• A recent temperature reconstruction of global annual temperature shows Early Holocene warmth followed by a cooling trend through the Middle to Late Holocene [Marcott SA, et al. (pnas.org)
  • It is not possible to claim we know what the "global average temperature" is, much less determine any trend. (scienceblogs.com)
  • In this case, all of the other various indicators of global temperature trends that are available unanimously agree. (scienceblogs.com)
  • There are two interesting pieces of news on the global temperature evolution. (realclimate.org)
  • First, today a paper by Grant Foster and Stefan Rahmstorf was published by Environmental Research Letters, providing a new analysis of the five available global (land+ocean) temperature time series. (realclimate.org)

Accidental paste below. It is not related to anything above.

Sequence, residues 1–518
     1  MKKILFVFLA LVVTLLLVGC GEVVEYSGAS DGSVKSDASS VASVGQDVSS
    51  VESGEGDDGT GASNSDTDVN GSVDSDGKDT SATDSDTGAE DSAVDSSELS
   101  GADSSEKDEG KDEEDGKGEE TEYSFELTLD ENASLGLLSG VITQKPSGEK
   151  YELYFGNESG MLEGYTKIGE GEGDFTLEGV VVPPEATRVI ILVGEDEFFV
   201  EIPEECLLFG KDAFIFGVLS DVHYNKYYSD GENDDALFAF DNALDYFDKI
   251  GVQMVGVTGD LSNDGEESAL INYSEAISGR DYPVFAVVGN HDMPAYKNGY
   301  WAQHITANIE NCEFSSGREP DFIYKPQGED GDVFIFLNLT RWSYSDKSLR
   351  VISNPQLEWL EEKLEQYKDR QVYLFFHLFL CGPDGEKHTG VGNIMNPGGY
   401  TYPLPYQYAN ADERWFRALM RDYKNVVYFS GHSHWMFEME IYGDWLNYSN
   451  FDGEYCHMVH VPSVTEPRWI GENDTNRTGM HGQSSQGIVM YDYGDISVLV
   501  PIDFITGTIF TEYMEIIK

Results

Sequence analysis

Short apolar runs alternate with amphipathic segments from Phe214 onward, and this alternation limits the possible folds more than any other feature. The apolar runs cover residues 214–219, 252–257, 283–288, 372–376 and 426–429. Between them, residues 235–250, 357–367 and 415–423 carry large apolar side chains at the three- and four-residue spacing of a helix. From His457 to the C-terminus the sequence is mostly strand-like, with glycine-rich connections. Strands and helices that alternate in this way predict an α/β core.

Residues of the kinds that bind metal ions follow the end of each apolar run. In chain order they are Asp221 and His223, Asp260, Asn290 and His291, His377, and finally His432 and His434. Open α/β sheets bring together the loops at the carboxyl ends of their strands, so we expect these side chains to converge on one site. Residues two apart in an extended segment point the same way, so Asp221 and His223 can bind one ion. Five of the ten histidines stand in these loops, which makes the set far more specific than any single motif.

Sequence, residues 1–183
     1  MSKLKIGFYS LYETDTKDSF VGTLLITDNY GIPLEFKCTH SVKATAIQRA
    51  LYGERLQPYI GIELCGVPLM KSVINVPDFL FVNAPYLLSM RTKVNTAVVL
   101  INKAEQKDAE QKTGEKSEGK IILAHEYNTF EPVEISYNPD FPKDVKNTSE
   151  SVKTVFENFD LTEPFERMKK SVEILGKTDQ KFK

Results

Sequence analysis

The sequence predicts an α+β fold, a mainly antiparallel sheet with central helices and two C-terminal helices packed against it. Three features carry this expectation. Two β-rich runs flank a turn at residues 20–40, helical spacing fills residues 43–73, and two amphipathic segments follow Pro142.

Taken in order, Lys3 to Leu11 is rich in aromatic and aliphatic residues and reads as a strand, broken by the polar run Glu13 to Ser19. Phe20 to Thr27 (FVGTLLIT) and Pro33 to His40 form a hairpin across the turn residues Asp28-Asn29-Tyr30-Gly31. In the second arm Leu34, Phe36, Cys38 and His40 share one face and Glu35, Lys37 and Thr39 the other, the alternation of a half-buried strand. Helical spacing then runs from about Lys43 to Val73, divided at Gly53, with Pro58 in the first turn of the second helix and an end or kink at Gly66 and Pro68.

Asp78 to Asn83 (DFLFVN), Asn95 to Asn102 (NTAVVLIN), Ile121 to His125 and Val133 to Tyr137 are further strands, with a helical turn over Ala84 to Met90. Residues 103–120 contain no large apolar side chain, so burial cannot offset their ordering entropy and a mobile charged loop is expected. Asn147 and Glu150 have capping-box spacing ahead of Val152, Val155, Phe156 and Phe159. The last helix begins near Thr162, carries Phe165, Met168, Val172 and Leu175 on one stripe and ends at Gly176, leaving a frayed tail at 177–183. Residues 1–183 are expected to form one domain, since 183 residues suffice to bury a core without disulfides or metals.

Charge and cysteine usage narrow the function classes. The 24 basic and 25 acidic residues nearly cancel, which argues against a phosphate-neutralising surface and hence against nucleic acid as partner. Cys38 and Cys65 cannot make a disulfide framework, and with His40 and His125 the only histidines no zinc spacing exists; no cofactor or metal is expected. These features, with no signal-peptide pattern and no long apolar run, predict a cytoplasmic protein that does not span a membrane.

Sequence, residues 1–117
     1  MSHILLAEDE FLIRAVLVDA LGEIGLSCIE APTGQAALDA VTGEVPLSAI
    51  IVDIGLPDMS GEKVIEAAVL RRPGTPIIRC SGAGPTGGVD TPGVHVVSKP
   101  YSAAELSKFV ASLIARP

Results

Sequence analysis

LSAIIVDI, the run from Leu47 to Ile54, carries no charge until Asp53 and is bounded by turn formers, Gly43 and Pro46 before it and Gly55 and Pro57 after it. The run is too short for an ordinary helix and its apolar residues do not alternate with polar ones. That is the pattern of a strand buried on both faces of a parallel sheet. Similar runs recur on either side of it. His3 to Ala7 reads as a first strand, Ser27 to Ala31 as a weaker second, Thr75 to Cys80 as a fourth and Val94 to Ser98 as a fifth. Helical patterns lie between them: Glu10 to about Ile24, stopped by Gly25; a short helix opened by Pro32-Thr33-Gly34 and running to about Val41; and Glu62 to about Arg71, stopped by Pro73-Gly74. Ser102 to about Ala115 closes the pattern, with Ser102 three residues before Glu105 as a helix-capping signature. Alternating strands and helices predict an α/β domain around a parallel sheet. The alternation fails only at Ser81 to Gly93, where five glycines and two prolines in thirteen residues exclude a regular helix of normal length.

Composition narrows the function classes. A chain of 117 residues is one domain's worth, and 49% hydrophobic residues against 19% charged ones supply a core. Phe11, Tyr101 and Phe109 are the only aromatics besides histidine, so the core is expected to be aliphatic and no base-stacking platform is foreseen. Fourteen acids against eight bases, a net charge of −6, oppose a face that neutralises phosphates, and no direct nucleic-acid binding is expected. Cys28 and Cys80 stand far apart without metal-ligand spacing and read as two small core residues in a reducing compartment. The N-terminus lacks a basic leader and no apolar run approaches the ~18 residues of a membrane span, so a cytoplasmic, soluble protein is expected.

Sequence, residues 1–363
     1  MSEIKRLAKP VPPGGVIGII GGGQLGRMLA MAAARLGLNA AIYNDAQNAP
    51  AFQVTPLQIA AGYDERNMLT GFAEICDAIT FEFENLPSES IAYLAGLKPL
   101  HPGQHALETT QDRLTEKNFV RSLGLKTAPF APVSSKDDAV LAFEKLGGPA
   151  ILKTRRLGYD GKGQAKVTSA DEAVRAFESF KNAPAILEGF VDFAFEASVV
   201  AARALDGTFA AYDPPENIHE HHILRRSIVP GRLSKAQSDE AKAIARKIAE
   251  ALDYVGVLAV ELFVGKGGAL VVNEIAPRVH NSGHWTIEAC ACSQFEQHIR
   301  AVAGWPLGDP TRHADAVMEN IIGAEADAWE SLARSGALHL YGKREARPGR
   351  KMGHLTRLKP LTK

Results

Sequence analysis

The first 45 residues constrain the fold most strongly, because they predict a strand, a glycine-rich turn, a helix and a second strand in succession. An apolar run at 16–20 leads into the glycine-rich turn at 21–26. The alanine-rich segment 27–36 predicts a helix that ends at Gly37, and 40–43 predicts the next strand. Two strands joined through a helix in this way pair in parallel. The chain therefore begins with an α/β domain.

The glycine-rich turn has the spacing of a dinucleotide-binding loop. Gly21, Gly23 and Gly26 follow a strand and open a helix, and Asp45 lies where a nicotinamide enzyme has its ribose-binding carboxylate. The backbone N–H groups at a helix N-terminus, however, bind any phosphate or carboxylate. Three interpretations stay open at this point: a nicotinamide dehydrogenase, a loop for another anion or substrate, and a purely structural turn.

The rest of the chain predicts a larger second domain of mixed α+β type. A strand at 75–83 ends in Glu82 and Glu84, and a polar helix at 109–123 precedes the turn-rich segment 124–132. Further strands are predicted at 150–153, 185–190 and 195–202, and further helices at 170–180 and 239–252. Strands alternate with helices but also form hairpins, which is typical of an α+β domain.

• Current studies are for global temperature trends. (realclimate.org)
  • Led by the TC Series, Autonics plans to take their new product line and go after all global temperature controller market. (prweb.com)
  • Autonics will continue the generous investment on research and development for variety of temperature controllers and will continue to put efforts in order to become the undisputed global brand. (prweb.com)
  • Lapse rates of average temperature ( T avg ) were steeper (−5.3 °C/km), but still did not approach the global average lapse rate of −6.5 °C/km. (nps.gov)
  • A composite of all the major global temperature records going back to 1890 (the satellite records only begin in the late 20th century). (skepticalscience.com)
  • Temperature is one of those aspects of the everyday world that seems rather abstract when viewed from the standpoint of physics. (encyclopedia.com)